Why this season is different (Spurs WILL qualify for the Champions League)

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I am well aware, as I type, that I’m setting myself up for a fall, but I think as a breed we Spurs fans are an inveterately optimistic bunch, so I trust you’ll humour me.

Not a year goes by when, following a heated pub debate with an Arsenal-supporting friend, I don’t get drawn into a rash wager that Spurs can break the top 4’s monopoly.  Usually by the following morning, I have haemorrhaged much of my reservoir of confidence and by the inevitable mid-season dip in form, any residual impudence has left completely and I’m bled white (metaphorically) as our team’s shirt.

However, this season, I believe will be different.  

For a team to finish in the upper reaches of the table requires the coalescence of a number of factors, some internal (quality of players, tactics, confidence) and other external contributors (injuries, failure of other teams, abstaining from lasagne).  This season, I am confident that we possess enough of these decisive qualities to finally fulfil the ambition that the club and its supporters have long held.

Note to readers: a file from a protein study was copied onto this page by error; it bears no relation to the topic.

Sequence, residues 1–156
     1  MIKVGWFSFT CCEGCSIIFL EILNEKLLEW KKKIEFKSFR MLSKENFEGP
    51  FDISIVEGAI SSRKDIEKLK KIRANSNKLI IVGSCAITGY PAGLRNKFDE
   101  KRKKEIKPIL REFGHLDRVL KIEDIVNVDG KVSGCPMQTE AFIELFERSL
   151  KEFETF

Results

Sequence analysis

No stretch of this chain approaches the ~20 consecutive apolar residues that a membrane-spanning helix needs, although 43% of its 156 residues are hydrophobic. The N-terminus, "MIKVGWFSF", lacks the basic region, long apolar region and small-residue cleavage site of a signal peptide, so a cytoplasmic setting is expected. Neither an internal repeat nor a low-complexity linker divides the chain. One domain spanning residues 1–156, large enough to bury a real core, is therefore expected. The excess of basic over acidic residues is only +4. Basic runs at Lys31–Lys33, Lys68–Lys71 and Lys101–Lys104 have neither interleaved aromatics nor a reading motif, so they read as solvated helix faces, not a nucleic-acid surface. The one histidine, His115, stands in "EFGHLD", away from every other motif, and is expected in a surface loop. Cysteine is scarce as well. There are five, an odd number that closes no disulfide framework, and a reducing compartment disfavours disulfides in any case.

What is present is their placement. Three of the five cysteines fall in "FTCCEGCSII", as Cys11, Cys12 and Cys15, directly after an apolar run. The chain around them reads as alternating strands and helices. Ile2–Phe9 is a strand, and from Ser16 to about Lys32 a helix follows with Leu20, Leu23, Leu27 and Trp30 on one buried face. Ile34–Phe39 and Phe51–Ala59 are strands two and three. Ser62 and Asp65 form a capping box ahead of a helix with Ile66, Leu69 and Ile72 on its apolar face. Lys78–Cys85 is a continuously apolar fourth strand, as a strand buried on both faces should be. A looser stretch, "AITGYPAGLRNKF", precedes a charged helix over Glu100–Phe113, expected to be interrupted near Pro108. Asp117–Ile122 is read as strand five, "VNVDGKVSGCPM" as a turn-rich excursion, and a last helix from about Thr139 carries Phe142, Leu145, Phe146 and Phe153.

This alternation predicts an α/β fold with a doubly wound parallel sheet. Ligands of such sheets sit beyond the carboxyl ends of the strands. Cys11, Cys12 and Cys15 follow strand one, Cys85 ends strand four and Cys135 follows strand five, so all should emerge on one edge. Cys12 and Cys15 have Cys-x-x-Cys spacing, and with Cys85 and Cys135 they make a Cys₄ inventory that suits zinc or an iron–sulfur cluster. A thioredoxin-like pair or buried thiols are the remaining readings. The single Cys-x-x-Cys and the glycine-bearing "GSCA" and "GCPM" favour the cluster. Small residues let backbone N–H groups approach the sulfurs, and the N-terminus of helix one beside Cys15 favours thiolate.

St Francis of Assisi, Margaret Thatcher and Harry Redknapp may perhaps seem unusual bedfellows, but all have famously recognised the importance of unity in the face of discord, and this is perhaps the most significant difference between the current team and Spurs sides of the past.  Harry’s collegial approach to management has produced a team spirit and optimism within the club that has been missing since the early halcyon days of Martin Jol’s tenure.  Players such as Benoit Assou-Ekotto and Tom Huddlestone, who had previously been in and out of the side, have benefited from the confidence instilled in them by their manager and are playing the best football of their careers.  Aaron Lennon, meanwhile, looks to have discovered an end product where before it was lacking, citing the guidance and advice of Harry, himself a winger in his playing days, as a major reason behind this.